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xi SUMMARY The NSF’s NSDL program turned ten years old in 2010. This technical report presents results of a preliminary program evaluation carried out by RAND in response to a request for proposals developed by NSF. These results represent the second phase of NSF’s multistage evaluation plan. We organized our work around three principal evaluation goals: • Provide an initial evaluation of the NSDL based on existing information resources, including results of a prior phase of evaluation. • Conduct limited primary data collection studies to pilot test instruments and approaches and complement findings from extant information. • Design a robust formative evaluation for a future phase of effort, refining research questions and methods. BACKGROUND AND APPROACH The NSDL program started in 2000 in NSF’s Directorate for Education and Human Resources (EHR). Between then and 2010, it awarded more than 250 grants in several program tracks: Collections of digital contents (this track was discontinued in 2004); Pathways to assist in locating and using extant digital resources and tools (this track was initiated in 2004); Services; Targeted Research; and a Core Integration component, funded through a long-­‐‑term cooperative agreement to establish and maintain an organizational and technical infrastructure to coordinate and support interactions among the projects in the other tracks. Early in Fiscal Year 2009, coinciding with the emergence of the program’s emphasis on distributed learning, the Core Integration effort was divided into two separate projects, one a Resource Center and the other providing Technical Network Services. xii SOURCE: McArthur, D., NSDL Evaluation: Phase 1, Washington, D.C.: National Science Foundation, 2008. NOTE: DL = digital library. CI = Core Integration. Figure S.1 NSDL Program Logic Model Over this time period, the NSDL program logic model (see Figure S.1) changed little, except for the division of the Core Integration component (under resources & inputs) into the separate projects noted above. However, they share the same set of responsibilities as were formerly carried out by the Core Integration team. We therefore took that model as the starting point for our research. RESEARCH PROCEDURES Research procedures for this preliminary study were organized to follow its main evaluation goals. We began by addressing what can be learned from existing information in three key areas: the digital resources developed, the avenues for accessing xiii them, and the expected outcomes for their use. Specifically, we addressed these main research questions in response to the first aim: • What is the state of health of the resource collections? • What evidence do current web metrics provide about activities undertaken by users to find and access those resources? • Are there early signs of positive effects from use of NSDL resources among science teachers or learners? For this purpose, we assessed all current collections, examined the websites of the NSDL portal and several pathways, as well as support for moving between and among them, and reviewed project abstracts, reports, and research papers. When we had initial answers to these questions from extant information, we then designed and carried out some primary data collection efforts to supplement the findings and to provide a better base for a future evaluation. In particular, we conducted pilot trials aimed at assessing the metadata intended to assist users in finding, identifying, selecting, and obtaining sought resources and at exploring the usability of available resources for accomplishing selected routine tasks in science teaching. Finally, we conducted a minicase study of one full instantiation of the NSDL model—a demonstration of curriculum customization to meet the needs of earth science teachers using resources from the Digital Library for Earth System Education (DLESE). We then synthesized the findings from these exercises to yield results and recommendations, both for what NSF and the NSDL should do now, as well as for the design of a full formative evaluation. In the next section, we summarize key findings and recommendations and suggest a design for the anticipated future evaluation of the NSDL. FINDINGS AND RECOMMENDATIONS State of Health of the Resource Collections The project relied on existing data derivable from NSDL sites to evaluate the authoritativeness, usability, and integration of the resources they make available. For this purpose, we cataloged and analyzed measurable characteristics representing attributes of interest for assessing their state of health. The three-­‐‑tiered sample included 50 still-­‐‑viable collections (of 71 funded by NSF), the 14 functioning pathways, and xiv as a one-­‐‑stop shop for finding NSDL resources. Here, we highlight key findings and recommendations for future improvements. Authoritativeness. Currency of the collections is questionable. Of the 50 collections, 14 of them (over a quarter) are not current, yet 13 of these are still available for search and retrieval via the NSDL. However, stability of the collections themselves is noteworthy, with 95 percent or more of records sampled from collections and pathways being still available. Evidence of scientific authoritativeness of the resources is weaker than would be desired. Just over half of the Pathways and just under half of all collections have published peer review practices. Further, only 40 percent of collections have evidence of professional oversight, compared with 86 percent of Pathways. Metadata Usability. Metadata are generally problematic across resources—just over a third of pathways and just over a tenth of collections have good metadata. Sample searches often turn up heterogeneous resources (e.g., activities, articles, historic images) in a single display because results are subject matter–based and not use-­‐‑based. When resources are found, metadata do not provide users with clear information about what can be done with them. The majority of pathways and collections provide some kind of copyright guidance, but it is inconsistent and usually hard to interpret. Privacy policies are available in the majority of pathways but in less than half of the collections. Integration. is not an integrated one-­‐‑stop shop—it does not appear to be substantially greater than the sum of its parts. Further, there is no real evidence of pathway collaboration across the NSDL—no common elements of look, feel, and service characterize them, while the NSDL is mainly acknowledged as a funding source. Moving from pathway to pathway creates a sense of dislocation and of starting over. Recommendations to NSF and the NSDL. Noncurrent resource collections should be identified and removed. For viable collections, it is important to promote regular checking to find and fix broken links. Additionally, policies and practices that evidence authoritativeness (peer reviews, professional oversight) should be encouraged and promulgated. With respect to usability, we recommend that the NSDL resource team and pathways researchers work with educator audiences to develop common metadata elements and vocabularies for core filtering elements that would address the workflow needs of STEM teachers. NSF and the NSDL, in consultation with pathways leaders, should consider focusing on a social networking service model. For instance, the NSDL resource team could provide centralized statistics and surveys; users might “join” pathways and xv manage their memberships; centralized folders and workspaces might be offered for each user; and users should have ways to share the resources they have created or customized, as well as to learn which resources are most frequently accessed by other users like themselves. More generally, multiple avenues should be pursued to realize the aim of having the NSDL be more than just the sum of its parts. Recommendations for a Future Phase of Evaluation. In our judgment, evaluation of the state of health of the resource collections is largely complete on the basis of work done for the second phase effort. For a third phase of evaluation, we recommend two types of initiatives. First, it would be desirable to revisit the pathways and collections periodically (e.g., at six-­‐‑month intervals) to assess the extent to which selected noteworthy shortfalls are being remedied. On a more ambitious note, metadata evaluation should be undertaken to identify and address educators’ needs for more context-­‐‑friendly and useful core filtering elements. For this purpose, we would recommend an extension of the metadata pilot evaluation reported here. Extensions could include cognitive walk-­‐‑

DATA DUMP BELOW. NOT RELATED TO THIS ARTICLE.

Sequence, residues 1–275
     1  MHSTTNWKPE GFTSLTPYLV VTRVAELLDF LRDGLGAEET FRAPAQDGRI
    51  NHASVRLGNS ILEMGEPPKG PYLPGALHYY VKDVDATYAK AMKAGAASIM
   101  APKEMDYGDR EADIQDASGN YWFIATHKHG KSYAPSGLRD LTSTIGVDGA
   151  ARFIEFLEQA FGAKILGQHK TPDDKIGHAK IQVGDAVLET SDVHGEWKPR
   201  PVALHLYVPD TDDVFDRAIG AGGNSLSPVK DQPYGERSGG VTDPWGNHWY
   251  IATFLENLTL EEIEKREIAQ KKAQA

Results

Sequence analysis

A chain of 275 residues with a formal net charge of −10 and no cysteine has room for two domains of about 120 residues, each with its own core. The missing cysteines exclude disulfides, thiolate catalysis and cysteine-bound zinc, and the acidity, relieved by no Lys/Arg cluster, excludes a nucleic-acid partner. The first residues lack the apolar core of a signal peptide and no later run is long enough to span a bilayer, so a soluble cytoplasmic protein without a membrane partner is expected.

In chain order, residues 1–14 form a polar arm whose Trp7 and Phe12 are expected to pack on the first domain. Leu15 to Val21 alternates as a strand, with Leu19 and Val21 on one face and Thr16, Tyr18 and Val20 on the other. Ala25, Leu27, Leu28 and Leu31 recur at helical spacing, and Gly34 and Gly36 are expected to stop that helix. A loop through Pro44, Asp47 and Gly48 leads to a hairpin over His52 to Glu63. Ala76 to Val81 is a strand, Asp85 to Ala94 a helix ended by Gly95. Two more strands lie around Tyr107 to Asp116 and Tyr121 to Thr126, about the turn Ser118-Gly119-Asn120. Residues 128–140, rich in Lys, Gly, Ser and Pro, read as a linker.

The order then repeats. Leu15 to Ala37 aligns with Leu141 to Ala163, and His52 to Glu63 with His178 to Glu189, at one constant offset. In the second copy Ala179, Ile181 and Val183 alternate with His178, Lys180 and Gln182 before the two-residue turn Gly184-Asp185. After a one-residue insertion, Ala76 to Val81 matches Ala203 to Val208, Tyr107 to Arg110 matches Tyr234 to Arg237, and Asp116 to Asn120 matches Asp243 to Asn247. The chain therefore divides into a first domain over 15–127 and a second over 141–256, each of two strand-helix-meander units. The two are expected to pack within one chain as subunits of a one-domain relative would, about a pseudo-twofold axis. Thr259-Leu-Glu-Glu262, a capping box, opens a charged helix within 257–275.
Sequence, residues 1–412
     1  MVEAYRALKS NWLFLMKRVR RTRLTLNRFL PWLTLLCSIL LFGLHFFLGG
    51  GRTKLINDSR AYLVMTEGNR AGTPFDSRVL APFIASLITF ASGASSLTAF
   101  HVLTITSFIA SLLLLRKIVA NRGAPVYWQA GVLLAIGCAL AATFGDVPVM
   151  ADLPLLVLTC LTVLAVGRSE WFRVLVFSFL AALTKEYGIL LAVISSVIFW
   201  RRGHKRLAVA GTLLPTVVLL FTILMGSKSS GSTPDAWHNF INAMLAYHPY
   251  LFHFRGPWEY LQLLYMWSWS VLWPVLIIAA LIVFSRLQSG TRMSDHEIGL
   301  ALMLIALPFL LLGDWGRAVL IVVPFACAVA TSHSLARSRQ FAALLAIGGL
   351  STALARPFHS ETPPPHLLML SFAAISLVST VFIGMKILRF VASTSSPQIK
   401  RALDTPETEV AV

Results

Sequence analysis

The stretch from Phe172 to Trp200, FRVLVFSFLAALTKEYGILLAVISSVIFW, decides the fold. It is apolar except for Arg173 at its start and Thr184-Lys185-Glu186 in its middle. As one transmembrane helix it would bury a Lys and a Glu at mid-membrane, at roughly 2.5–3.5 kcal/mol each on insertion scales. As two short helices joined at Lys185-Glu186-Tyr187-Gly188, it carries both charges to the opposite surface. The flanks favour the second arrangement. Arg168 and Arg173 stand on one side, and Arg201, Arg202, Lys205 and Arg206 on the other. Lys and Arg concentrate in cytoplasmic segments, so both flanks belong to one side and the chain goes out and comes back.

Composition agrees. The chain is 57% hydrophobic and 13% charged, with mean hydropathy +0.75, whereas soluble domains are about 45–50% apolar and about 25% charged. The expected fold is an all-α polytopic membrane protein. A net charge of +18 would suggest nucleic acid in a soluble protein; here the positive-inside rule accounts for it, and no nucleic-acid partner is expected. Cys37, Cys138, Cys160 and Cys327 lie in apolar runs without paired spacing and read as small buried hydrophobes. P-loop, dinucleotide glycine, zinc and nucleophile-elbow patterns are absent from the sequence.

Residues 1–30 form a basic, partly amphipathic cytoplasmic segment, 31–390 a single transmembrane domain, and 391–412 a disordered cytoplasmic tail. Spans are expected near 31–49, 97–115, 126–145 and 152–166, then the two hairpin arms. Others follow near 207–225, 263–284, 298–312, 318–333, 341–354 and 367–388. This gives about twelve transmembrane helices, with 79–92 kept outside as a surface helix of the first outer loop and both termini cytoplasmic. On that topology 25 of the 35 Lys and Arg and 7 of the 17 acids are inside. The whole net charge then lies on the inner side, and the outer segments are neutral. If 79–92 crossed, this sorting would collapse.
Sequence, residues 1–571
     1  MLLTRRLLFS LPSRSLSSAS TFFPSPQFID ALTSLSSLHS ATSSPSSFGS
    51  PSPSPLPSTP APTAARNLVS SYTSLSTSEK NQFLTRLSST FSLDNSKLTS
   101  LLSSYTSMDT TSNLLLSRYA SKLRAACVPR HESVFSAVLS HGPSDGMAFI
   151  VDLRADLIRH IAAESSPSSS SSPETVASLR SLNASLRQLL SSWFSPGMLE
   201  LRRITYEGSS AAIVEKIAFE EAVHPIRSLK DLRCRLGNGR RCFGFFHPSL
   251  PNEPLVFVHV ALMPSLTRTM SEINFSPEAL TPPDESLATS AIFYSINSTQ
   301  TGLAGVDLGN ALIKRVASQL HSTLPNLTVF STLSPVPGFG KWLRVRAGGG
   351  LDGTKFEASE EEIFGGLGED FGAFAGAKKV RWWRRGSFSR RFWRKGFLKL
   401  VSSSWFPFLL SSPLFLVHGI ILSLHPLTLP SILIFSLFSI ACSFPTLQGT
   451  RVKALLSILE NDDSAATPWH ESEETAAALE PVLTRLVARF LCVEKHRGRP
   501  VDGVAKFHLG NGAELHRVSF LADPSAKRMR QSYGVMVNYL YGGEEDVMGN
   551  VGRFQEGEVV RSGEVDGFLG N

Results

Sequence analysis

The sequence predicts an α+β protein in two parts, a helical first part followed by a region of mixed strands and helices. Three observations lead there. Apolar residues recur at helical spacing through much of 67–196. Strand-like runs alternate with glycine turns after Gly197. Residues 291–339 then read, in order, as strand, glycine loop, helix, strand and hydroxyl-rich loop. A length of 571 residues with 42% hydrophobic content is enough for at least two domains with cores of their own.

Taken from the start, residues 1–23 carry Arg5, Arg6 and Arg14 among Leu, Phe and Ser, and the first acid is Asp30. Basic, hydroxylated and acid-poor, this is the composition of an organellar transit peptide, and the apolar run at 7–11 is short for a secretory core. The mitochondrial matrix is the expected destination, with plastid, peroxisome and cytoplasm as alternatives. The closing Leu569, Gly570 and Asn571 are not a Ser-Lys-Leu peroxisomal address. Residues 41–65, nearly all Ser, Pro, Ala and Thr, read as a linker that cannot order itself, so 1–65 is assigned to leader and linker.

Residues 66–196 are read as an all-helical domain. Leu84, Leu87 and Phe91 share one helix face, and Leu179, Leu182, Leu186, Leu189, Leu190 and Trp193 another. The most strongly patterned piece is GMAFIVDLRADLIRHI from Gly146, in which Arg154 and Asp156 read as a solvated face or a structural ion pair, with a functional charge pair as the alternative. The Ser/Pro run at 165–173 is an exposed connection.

throughs with representative users and experimental trials with added “educator schema” filtering elements. Evaluative Evidence from Web Metrics A second evaluation effort turned on exploring web metrics to see what evidence they might provide for addressing questions about the composition and growth of user communities, users becoming reusers and resource contributors, “cross-­‐‑pollination” among pathways, and other aims envisioned in the NSDL program’s logic model. For this purpose, we interviewed researchers responsible for web metrics. Additionally, we interviewed web metric staff at five pathways selected for their reputation using web metrics. We supplemented these interviews with a review of web metrics literature. Main findings and recommendations follow. and Web Metrics. The primary uses of web metrics at the top-­‐‑level site are for overall traffic monitoring and for site modification and redesign. It is not presently feasible for to develop a clear understanding of its users because it lacks effective ways of getting data about them. The only avenue for learning more about its user community appears to be responses to brief pop-­‐‑up online surveys, of unknown quality and representativeness. Presently, there is also not an ability to classify and characterize users by general site usage patterns, although this is a desired future goal for web metrics. Additionally lacking are comprehensive data about the pattern of xvi traffic into and out of Thus, now has little knowledge about the demographic characteristics of its user community, nor a general understanding of its usage patterns. Pathways and Web Metrics. Like, pathways chiefly use web metrics for monitoring overall traffic and for site redesign purposes. Like, all but one rely on pop-­‐‑up surveys. Similarly, pathways undertake only very limited assessments of users’ site usage patterns. Additionally, they do not know whether specific other pathways, or, or still other sites are the main sources or the main destinations of their users. There is little communication about web metrics between pathways and, and no mandated reporting of web statistics either to the Resource Center or to Technical Network Services (TNS). There had been some attempt at standardization of web data using Omniture, but, presently, some pathways have moved to Google Analytics because it is available at no cost. In any case, the net result is that no summaries are available from pathways related to overall traffic flow, sources of users, and the like to help inform the present evaluation. Recommendations to NSF and the NSDL. Standardized, basic web metrics should be selected and shared by and the pathways. Additionally, there should be mandated reporting of some web metrics (e.g., overall traffic flow, immediate sources and destinations of users) at designated intervals. Further, NSF and the NSDL should plan for future usage data collection when new technologies (e.g., social media) are likely to play a greater role in and the pathways. Some current web metrics might not be applicable to these technologies, although the new media are likely to become important in the growth and vitality of user communities. Recommendations for a Future Evaluation. Recommendations for a future evaluation are dependent, in part, on the ability to obtain standardized web metrics from and the pathways as recommended earlier. To examine whether emergent user communities are exhibiting vitality, growth, and connectivity, as anticipated by the program’s logic model, it would be desirable at minimum to measure basic traffic volumes over time, plus the sources and destinations of site visitors. These data would be useful for constructing a map of traffic relationships between, the pathways, and other key sites. It is also important to measure the extent of use of private spaces by users to retain and tailor materials to their own needs and the rate or volume of contributions by users to shared spaces, for sites that offer these services. Such measures would shed light on xvii whether customized or customizable resources were being developed to meet particular teaching or learning goals, as the logic model predicts. A last recommendation would be to pursue user classification by site usage patterns to provide a richer picture of users. Specifically, in given sites, it might be possible to carry out experiments where user computers—with users’ consent—are instrumented for more detailed data collection and analysis. Signs of Teaching or Learning Effects The prior evaluation phase sought early signs that use of NSDL resources might improve teaching or learning in the STEM disciplines. We started by examining abstracts for the 250+ NSDL-­‐‑funded projects and then reviewing, in detail, project reports and research papers from those that directly involved teachers or learners. Such a case survey was expected to yield a taxonomy of project features, as well as emerging themes or promising trends related to teaching or learning. Additionally, the review could be suggestive of hypotheses for further testing in a future evaluation while identifying exemplary cases for site visits. Chief findings and recommendations follow. Body of Teaching or Learning Research. Among all the projects funded by the NSDL during its decade-­‐‑long lifetime, at most about a dozen touch in some way on teaching or learning. Each of the studies addresses a different tool or resource, and each uses a different context and different procedures. These great variations in a very small body of work preclude categorizing project features or approaches. Additionally, the methods typically employed by the projects are not ones that support inferences about teaching or learning effects. Experimental or quasi-­‐‑